Basically, if I can turn some familiar phrase or idea on its head, I’ll do it.


Well, the one about “seeing the Moon from the Great Wall” just cracked me up. Not sure if I followed the “instant coffee” example, and I did spend some time trying to figure out the joke, but no joy. And I’m a big fan of Steve Allen.

It did remind of of a classic Steven Wright one-liner though … “If you put instant coffee in a microwave, does it go back in time?”

2011/01/13
1:28am
tunawrites
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To Ron Draney and Heimhenge: I assume that if you found Ron’s (I hope you don’t mind my calling you by the first name) entry funny, you are fans of Groucho Marx. I may have been born a couple generations after Groucho Marx had died, but, for my money, there is nobody, nobody, who could turn a phrase or use a pun like that man. There have been many people who could spin the English language humorously since (I think of, recently, old Steven Wright, the late Mitch Hedberg, and the on-time Demetri Martin, to name a few), but there will never be anyone as good as Groucho in his prime.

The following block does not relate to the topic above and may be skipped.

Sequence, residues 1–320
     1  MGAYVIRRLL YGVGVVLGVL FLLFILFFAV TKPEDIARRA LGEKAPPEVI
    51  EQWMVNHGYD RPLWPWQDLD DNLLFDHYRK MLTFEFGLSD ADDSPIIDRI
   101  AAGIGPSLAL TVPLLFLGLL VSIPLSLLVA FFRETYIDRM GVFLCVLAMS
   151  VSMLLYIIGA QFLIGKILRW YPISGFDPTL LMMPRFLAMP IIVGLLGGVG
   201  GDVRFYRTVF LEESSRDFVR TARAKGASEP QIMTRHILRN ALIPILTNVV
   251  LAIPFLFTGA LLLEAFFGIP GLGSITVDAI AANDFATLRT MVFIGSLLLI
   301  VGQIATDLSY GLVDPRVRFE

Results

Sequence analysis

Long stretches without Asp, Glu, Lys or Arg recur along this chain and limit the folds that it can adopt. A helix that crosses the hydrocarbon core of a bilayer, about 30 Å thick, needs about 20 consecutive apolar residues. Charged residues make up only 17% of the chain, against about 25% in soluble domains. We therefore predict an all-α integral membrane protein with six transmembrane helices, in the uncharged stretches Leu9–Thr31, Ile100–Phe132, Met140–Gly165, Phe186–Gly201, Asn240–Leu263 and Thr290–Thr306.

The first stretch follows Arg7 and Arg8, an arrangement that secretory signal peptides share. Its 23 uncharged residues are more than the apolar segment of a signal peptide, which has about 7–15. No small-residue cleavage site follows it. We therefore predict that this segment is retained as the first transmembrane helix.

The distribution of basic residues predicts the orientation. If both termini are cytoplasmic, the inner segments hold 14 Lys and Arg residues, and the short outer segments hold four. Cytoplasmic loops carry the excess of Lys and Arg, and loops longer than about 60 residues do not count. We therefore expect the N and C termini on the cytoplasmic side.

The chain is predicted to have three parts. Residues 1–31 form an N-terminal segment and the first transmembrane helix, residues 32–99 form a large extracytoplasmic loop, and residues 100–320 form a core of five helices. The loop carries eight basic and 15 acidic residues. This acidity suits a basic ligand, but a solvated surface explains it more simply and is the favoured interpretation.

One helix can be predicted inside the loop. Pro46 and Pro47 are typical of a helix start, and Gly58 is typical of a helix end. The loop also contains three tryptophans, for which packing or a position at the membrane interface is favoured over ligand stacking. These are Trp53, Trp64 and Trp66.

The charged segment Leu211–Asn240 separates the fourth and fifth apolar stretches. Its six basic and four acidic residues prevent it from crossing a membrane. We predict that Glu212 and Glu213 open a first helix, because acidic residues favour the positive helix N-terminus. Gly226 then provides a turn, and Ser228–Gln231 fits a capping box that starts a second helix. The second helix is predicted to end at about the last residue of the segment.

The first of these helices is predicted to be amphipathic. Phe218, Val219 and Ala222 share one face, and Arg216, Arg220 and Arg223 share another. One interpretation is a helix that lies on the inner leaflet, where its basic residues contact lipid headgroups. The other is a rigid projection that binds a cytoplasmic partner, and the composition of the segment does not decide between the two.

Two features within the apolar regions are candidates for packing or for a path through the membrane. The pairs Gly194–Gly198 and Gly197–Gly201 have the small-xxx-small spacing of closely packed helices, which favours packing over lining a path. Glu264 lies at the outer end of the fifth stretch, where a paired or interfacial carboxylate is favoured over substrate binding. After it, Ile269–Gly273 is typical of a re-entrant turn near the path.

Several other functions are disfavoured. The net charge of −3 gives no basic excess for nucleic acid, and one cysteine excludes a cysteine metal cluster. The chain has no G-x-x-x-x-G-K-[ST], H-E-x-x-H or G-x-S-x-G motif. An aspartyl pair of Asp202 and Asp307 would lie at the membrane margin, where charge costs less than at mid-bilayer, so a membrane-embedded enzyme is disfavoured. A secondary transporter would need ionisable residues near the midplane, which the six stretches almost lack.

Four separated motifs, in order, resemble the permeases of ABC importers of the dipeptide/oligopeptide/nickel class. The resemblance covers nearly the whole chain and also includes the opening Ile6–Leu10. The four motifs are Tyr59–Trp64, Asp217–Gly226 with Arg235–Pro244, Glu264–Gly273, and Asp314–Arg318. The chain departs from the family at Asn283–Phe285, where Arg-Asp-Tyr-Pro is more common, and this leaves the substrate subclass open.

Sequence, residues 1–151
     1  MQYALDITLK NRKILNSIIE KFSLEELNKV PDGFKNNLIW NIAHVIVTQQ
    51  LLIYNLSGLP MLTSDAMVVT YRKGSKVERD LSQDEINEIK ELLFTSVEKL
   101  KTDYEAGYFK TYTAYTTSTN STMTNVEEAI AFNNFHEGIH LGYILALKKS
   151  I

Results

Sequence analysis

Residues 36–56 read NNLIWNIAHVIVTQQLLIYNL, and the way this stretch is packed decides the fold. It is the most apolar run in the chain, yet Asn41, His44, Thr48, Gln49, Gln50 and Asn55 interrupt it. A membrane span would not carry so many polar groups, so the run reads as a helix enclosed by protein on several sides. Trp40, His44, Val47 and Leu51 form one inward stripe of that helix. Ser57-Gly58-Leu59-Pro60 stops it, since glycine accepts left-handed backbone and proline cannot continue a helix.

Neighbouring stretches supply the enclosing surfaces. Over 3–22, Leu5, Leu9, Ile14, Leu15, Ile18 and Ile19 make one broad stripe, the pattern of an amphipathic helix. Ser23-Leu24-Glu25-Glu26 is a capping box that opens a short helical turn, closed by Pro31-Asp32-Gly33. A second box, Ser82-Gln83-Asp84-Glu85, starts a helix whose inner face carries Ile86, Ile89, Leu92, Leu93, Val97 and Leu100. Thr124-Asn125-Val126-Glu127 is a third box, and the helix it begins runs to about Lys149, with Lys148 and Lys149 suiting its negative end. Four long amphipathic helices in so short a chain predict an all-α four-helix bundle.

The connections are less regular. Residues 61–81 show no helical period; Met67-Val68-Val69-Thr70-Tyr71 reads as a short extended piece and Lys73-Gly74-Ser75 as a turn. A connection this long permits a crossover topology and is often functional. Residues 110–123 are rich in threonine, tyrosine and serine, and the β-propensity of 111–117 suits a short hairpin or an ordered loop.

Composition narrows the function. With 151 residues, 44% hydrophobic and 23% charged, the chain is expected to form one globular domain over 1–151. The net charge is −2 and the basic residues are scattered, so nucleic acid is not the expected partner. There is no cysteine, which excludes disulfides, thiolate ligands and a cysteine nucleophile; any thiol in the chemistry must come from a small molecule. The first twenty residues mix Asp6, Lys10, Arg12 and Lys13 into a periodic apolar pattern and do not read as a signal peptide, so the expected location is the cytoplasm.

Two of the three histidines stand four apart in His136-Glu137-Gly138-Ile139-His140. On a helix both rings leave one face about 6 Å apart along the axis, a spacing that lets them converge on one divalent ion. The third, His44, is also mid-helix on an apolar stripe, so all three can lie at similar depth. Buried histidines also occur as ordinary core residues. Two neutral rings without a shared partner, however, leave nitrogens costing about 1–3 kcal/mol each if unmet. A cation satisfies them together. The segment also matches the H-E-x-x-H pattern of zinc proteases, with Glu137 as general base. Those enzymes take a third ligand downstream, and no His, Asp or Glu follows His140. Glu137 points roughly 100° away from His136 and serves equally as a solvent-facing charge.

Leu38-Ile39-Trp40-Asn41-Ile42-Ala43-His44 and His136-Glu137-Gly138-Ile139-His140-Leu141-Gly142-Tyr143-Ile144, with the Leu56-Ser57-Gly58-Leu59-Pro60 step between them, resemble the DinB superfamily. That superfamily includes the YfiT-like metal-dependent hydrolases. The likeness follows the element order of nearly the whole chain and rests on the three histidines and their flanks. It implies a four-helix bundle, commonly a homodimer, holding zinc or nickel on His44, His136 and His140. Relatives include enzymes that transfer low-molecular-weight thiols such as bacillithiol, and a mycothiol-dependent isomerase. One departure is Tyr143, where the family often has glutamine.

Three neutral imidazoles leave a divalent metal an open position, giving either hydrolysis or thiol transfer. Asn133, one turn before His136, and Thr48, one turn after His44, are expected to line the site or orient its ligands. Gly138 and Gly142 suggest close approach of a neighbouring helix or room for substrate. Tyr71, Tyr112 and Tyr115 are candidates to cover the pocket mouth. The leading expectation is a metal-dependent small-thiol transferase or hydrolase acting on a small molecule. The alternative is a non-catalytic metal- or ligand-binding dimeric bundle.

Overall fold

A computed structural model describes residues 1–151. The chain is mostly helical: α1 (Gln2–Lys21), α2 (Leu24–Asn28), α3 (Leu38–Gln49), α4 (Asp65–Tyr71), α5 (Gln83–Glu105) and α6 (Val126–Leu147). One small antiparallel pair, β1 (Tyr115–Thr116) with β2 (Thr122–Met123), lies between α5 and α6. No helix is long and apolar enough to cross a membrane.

My favorite Groucho quote — the one I often use — is: “I’ve had a perfectly wonderful evening, but this wasn’t it.”

Any others?

2011/01/13
9:44am
telemath
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tunawrites said:

My favorite Groucho quote — the one I often use — is: “I’ve had a perfectly wonderful evening, but this wasn’t it.”

Any others?


“I never forget a face, but in your case, I’ll make an exception.”

2011/01/13
6:28pm
New River, AZ, USA
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One Grouchoism I especially like, and have used as a sig-file on occasion, is this classic:

“Outside of a dog, a book is man’s best friend. Inside of a dog it’s too dark to read.” — Groucho Marx

2011/01/13
11:51pm
tunawrites
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I lied a bit about my most-used Groucho quote. It’s actually

“I would never join any club that would accept me as a member.”

2011/01/15
7:19pm
PeteyTheHoser
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How’s this? “I don’t believe in reincarnation. I used to, but that was in a previous life”. Not sure if it qualifies as a paraprosdokian though.